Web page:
5
Supporting Portfolio Planning

ENHANCING PLANNING CAPABILITIES AND REPORT QUALITY

There is currently a widespread perception, both within and outside the Corps, that the quality and the clarity of Corps planning studies have been declining. Leaders within the Corps acknowledge a need for strengthening the organization’s planning capacities, and many groups call for routine, independent review of Corps planning studies. In making the transition to portfolio planning, the Corps’ planning challenges will be even greater because there will be a need to plan over large areas, to accommodate differing values and interests, and to explicitly incorporate complexities and uncertainties of the interactions of hydrologic processes and human activities. The agency will have to keep abreast of and apply new conceptual and analytical developments to meet these challenges. This chapter discusses ways in which the Corps’ planning capabilities can be strengthened and the quality of its planning studies improved.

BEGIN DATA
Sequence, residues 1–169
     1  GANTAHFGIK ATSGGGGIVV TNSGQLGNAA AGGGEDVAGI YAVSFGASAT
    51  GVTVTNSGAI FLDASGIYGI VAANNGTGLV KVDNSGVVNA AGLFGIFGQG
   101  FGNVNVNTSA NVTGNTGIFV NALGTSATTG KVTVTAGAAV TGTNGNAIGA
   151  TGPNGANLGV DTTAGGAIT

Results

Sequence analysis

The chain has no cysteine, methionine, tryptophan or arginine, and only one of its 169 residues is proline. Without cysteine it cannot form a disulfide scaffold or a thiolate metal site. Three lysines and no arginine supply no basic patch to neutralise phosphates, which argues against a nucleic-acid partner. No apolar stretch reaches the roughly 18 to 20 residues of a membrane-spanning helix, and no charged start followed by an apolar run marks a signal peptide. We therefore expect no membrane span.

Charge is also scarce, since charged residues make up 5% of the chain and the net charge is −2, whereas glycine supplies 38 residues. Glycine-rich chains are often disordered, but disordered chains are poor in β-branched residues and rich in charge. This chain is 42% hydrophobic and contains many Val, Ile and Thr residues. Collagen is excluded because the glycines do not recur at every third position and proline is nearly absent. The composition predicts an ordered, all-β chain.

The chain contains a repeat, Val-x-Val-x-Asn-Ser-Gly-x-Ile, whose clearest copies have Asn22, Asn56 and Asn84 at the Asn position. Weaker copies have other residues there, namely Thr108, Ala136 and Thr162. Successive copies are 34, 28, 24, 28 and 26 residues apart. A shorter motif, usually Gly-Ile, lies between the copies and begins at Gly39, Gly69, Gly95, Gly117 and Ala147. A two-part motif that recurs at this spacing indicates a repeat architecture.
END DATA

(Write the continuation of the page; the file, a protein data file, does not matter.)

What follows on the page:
Focusing Planning Expertise

The Corps of Engineers faces personnel and staffing pressures. At the same time, there has been a sharp reduction in its budget for general investigations (planning) in recent years. Nonetheless, the agency can take steps to make better use of available staff. Firstly, the Corps should ensure that its most knowledgeable and competent staff are assigned to its most complex and controversial planning studies. This is currently not always the case as deeply-established tradition calls for Corps of Engineers planning studies to be conducted by district offices. No matter the historical or current advantages this current arrangement confers, portfolio planning will often have to be coordinated and promoted differ-